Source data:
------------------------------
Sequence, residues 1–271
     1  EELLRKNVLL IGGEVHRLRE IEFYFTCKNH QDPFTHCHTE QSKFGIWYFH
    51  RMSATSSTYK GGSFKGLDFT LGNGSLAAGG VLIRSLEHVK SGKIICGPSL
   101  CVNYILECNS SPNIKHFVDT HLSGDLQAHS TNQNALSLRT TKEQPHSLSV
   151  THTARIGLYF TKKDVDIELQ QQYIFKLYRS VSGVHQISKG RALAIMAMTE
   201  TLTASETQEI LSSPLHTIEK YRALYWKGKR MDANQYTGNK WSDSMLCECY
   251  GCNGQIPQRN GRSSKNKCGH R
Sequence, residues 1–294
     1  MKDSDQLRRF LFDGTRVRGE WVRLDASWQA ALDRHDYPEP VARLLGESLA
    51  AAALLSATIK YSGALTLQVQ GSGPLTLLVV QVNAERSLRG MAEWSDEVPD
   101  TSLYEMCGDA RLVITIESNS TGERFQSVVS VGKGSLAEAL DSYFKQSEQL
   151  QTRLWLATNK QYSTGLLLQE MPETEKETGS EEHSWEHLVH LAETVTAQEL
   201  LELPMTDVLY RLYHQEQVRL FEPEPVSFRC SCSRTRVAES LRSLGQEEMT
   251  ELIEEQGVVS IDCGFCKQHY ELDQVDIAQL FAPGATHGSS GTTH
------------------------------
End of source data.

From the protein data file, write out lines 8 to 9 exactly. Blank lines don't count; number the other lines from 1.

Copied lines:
Sequence, residues 1–294
     1  MKDSDQLRRF LFDGTRVRGE WVRLDASWQA ALDRHDYPEP VARLLGESLA